Someone on Quora asked, “What primary and secondary sources should I read if I want to better understand phenomenology and the phenomenological method?”
I always steer folks wanting to learn about phenomenology in the direction of getting a good foundation in Edmund Husserl. If you have that, you can go on from there to Martin Heidegger, Maurice Merleau-Ponty, Emmanuel Levinas, Roman Ingarden, or anyone that you want to follow. So…
If you can, buy a used copy of the edited volume by Joseph Kockelmans: Phenomenology: The Philosophy of Edmund Husserl and Its Interpretation
. This has some good exerts from Husserl to get you started along with interpretations from the best thinkers who took up the phenomenological project, e.g. Levinas, Heidegger, etc. For example: you get a bit of Husserl talking about intentionality and theKockelmans follows this up with an exert from someone likeLevinas interpreting what Husserl is talking about. So not only a good intro to Husserl, but a helpful reader that gives you a taste of his “successors.” A real shame that this bookwas allowed to go out of out of publication.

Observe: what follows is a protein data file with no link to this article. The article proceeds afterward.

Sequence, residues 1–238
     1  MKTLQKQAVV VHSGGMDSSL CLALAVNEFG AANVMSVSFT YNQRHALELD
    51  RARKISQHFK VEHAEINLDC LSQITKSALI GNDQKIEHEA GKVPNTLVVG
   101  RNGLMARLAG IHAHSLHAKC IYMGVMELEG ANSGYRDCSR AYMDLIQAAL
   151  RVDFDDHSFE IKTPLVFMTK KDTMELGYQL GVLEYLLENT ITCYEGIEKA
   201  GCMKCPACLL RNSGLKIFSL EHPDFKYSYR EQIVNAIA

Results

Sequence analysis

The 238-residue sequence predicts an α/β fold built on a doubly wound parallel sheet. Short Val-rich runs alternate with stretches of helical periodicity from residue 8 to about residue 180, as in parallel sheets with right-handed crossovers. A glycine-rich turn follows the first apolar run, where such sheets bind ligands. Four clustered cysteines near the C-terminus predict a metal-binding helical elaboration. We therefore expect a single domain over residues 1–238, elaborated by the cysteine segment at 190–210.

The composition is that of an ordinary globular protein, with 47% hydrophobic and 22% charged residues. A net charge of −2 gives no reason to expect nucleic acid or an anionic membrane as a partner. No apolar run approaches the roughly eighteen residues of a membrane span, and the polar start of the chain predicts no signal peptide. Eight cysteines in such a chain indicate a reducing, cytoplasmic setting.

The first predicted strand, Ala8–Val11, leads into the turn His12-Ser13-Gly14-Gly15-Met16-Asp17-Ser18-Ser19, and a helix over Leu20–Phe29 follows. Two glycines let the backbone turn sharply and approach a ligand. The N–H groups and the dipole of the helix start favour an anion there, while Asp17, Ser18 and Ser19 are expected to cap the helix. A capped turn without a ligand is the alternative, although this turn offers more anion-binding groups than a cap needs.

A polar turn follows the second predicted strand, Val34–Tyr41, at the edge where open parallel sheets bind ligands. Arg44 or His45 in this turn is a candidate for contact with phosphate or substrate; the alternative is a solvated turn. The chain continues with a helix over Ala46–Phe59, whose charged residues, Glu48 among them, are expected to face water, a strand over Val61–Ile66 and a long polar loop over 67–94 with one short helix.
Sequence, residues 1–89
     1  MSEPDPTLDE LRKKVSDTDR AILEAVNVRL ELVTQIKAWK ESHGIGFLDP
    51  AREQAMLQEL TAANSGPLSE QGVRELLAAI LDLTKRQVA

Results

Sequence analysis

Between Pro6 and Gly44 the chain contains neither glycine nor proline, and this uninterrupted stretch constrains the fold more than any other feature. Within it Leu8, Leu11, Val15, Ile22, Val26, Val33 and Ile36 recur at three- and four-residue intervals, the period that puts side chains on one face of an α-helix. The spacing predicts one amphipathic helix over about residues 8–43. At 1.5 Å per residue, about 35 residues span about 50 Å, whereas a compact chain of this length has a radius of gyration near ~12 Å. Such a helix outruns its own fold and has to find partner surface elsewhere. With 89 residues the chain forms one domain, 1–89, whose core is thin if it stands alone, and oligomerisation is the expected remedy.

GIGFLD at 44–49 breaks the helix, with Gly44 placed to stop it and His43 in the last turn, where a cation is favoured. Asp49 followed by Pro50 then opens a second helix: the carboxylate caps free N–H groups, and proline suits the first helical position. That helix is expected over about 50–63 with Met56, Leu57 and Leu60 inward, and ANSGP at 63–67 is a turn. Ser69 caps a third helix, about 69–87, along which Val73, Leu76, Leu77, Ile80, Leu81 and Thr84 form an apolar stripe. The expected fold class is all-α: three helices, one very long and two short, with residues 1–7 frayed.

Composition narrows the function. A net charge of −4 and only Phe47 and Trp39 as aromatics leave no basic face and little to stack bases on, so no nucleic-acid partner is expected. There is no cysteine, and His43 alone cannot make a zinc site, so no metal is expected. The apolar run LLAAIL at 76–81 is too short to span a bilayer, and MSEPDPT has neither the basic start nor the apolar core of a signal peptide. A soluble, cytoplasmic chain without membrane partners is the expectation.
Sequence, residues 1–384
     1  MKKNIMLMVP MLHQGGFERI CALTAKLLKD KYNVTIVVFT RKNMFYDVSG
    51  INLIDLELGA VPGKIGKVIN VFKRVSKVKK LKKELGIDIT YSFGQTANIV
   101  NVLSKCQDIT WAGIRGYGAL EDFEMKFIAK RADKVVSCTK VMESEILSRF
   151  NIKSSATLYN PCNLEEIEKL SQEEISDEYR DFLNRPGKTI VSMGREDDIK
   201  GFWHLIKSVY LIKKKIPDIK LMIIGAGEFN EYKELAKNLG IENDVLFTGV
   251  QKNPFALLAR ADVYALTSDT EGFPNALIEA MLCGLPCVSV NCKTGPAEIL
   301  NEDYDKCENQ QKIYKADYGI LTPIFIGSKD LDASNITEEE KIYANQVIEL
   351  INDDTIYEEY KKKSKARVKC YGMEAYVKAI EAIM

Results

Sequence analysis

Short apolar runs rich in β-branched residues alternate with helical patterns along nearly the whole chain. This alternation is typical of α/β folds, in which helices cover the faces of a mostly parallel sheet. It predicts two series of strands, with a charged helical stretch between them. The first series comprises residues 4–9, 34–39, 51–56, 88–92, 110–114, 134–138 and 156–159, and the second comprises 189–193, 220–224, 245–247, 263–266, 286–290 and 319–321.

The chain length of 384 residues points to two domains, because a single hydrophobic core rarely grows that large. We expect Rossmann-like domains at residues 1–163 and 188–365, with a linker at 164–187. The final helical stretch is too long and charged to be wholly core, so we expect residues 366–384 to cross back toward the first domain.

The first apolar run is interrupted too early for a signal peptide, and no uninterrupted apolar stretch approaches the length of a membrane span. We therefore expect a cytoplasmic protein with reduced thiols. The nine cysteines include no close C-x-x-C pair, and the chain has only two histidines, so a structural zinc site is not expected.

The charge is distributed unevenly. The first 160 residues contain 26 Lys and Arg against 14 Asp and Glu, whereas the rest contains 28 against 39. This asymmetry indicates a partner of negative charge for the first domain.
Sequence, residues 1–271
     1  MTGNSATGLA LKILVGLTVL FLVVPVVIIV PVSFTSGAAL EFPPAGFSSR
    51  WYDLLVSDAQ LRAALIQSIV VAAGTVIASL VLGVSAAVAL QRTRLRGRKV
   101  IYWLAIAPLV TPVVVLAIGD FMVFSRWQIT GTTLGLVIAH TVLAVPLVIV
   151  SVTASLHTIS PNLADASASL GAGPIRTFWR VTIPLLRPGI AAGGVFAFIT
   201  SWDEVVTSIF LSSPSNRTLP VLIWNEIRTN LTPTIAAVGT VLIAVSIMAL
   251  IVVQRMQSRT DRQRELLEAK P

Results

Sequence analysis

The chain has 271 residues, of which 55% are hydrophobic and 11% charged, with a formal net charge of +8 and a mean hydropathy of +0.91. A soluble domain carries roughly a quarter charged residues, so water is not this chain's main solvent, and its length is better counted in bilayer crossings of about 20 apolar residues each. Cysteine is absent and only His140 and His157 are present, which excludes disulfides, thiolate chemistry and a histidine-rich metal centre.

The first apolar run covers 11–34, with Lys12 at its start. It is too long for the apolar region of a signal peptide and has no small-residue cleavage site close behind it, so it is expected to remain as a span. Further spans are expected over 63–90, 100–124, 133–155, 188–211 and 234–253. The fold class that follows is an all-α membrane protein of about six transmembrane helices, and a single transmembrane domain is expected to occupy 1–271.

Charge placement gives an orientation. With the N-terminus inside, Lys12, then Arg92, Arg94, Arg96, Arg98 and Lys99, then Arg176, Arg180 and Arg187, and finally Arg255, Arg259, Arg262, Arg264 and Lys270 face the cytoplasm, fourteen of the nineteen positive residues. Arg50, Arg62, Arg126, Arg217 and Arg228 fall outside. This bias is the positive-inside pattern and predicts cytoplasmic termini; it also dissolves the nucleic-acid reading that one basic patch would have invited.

You might add to this Merleau-Ponty’s preface to his Phenomenology of Perception as well as a short piece he wrote called “The Philosopher and His Shadow.”
Still, I would recommend that anyone learning phenomenology take time to read Husserl’s Crisis of European Sciences & Transcendental Phenomenology
. Husserl once told Dorian Carnes that the best way to read his works was to start with the last one and work your way back to Logical Investigations
. So it does not hurt to start with his last book.